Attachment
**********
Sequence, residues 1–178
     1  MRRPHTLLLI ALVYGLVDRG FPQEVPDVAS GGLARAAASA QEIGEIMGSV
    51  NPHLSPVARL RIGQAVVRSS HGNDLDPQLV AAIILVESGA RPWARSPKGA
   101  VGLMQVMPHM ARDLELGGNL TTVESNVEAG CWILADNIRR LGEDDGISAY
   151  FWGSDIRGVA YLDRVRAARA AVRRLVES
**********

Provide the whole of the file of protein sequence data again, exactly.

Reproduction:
Sequence, residues 1–178
     1  MRRPHTLLLI ALVYGLVDRG FPQEVPDVAS GGLARAAASA QEIGEIMGSV
    51  NPHLSPVARL RIGQAVVRSS HGNDLDPQLV AAIILVESGA RPWARSPKGA
   101  VGLMQVMPHM ARDLELGGNL TTVESNVEAG CWILADNIRR LGEDDGISAY
   151  FWGSDIRGVA YLDRVRAARA AVRRLVES